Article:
4. Commodities

Just like stocks, interest rates usually have an inverse relationship with commodities prices than they do to the stock market. When interest rates rise, commodities prices usually fall and vice versa. This is because of the cost of carry—the costs associated with holding inventory.

When interest rates rise, it is more expensive for the companies that buy commodities to stockpile them and store them for long periods. Likewise, when it's cheap to store inventory, businesses have more demand to stock up, which pushes costs higher.

As a result, companies will buy more commodities as they need them and lower demand will fuel lower prices.


5. Cryptocurrencies

Though the timeframe may be too short to formulate a thesis on how interest rates affect cryptocurrencies, the reaction of the crypto market can perhaps provide an inkling of what investors can expect.

Cryptocurrencies are regarded as a high-risk asset class. When rates are rising, investors tend to be risk-averse

As evidenced by current price action, higher interest rates take the shine off crypto investments, because they give savers the opportunity to secure more attractive returns in a lower-risk way. As such the prices of cryptocurrencies would decline until investors discover their appetite for risk (assets).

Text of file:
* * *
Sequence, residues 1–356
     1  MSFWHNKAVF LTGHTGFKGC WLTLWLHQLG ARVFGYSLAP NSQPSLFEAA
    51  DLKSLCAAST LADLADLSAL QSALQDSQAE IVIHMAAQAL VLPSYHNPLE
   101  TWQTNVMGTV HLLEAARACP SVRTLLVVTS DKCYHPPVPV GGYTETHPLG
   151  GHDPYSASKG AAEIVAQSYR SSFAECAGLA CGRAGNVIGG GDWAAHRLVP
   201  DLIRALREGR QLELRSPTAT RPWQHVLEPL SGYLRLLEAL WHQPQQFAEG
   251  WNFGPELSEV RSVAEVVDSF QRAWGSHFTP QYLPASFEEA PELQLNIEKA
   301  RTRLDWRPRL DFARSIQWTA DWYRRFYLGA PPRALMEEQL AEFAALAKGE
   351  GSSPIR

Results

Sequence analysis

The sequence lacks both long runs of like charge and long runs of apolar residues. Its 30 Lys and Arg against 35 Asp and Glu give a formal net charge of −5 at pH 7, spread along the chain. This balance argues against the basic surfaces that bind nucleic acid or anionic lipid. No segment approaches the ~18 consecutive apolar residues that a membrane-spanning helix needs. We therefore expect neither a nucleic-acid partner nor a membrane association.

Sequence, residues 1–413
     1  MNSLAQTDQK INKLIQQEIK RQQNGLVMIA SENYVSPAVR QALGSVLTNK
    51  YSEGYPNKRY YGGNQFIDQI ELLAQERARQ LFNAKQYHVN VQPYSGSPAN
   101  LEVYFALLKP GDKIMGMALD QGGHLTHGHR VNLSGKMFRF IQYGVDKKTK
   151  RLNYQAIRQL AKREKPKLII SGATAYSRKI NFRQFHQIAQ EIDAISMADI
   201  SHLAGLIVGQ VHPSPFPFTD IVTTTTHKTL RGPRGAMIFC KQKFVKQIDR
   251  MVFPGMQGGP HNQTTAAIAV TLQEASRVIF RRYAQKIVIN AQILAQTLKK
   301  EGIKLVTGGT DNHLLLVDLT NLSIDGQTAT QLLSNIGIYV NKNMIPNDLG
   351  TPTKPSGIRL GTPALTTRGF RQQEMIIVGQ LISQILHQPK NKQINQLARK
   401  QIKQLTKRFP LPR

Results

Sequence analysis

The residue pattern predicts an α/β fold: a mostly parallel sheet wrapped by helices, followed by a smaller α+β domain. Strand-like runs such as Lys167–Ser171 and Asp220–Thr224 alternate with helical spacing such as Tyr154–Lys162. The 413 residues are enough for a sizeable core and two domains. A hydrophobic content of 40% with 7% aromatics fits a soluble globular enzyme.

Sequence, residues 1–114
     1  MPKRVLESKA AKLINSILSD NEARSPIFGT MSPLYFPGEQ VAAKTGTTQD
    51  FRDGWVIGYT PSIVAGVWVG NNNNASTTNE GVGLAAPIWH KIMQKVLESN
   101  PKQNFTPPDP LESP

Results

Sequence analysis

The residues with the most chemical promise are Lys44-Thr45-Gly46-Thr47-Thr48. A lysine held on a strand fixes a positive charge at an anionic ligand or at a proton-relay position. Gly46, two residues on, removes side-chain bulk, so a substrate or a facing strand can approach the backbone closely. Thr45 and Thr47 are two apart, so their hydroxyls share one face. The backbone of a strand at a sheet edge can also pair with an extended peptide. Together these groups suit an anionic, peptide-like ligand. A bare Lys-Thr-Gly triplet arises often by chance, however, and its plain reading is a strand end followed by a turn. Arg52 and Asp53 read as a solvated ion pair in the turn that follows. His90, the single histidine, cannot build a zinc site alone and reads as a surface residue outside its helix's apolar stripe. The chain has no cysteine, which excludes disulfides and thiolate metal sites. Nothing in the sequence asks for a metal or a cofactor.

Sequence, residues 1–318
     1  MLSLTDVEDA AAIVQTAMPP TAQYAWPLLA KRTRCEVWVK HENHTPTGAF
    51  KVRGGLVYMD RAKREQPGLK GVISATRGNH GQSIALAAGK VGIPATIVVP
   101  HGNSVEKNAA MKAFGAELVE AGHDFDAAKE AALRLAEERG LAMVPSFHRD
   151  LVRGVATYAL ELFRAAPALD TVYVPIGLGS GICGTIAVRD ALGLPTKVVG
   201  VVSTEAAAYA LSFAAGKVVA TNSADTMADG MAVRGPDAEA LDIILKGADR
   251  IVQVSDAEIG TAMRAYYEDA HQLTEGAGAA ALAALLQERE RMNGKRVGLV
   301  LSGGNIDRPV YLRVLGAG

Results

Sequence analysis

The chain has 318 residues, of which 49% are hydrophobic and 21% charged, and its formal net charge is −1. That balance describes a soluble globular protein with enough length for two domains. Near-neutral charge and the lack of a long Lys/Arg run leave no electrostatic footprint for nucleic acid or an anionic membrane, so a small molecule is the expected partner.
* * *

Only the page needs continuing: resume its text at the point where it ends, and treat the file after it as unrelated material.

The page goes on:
6. Currencies

Inflation tends to devalue a currency since inflation can be equated with a decrease in a money's buying power.

As a result, countries experiencing high inflation tend to also see their currencies weaken relative to other currencies.

However, because central banks exist to combat inflation, a rise in inflation leads to an increase in benchmark interest rates which inadvertently strengthens the currency. Currencies surrounded by lower interest rates are more likely to weaken over the longer term.



Key Takeaway on Rising Interest Rates

Rising interest rates affect assets in different ways.

As an investor, it is important that you have an understanding of how different investments react to rate hikes. This is the basis for knowing how best to deploy your capital and avoid, if not reduce, potential losses to your portfolio.

Being able to navigate market cycles is the hallmark of a successful investor. However, your success is anchored on an understanding of the unique characteristics of each asset and how to best trade them, and when. 

Photo by Enrique Hoyos